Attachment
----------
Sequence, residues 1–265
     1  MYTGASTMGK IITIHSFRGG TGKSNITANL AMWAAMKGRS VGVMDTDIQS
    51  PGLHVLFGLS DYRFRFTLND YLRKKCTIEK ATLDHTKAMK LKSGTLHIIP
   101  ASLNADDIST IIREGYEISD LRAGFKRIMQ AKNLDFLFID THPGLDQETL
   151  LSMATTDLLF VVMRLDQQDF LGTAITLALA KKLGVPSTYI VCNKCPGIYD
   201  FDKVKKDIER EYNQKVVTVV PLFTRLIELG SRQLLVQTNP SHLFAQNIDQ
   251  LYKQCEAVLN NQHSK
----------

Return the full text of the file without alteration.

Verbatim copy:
Sequence, residues 1–265
     1  MYTGASTMGK IITIHSFRGG TGKSNITANL AMWAAMKGRS VGVMDTDIQS
    51  PGLHVLFGLS DYRFRFTLND YLRKKCTIEK ATLDHTKAMK LKSGTLHIIP
   101  ASLNADDIST IIREGYEISD LRAGFKRIMQ AKNLDFLFID THPGLDQETL
   151  LSMATTDLLF VVMRLDQQDF LGTAITLALA KKLGVPSTYI VCNKCPGIYD
   201  FDKVKKDIER EYNQKVVTVV PLFTRLIELG SRQLLVQTNP SHLFAQNIDQ
   251  LYKQCEAVLN NQHSK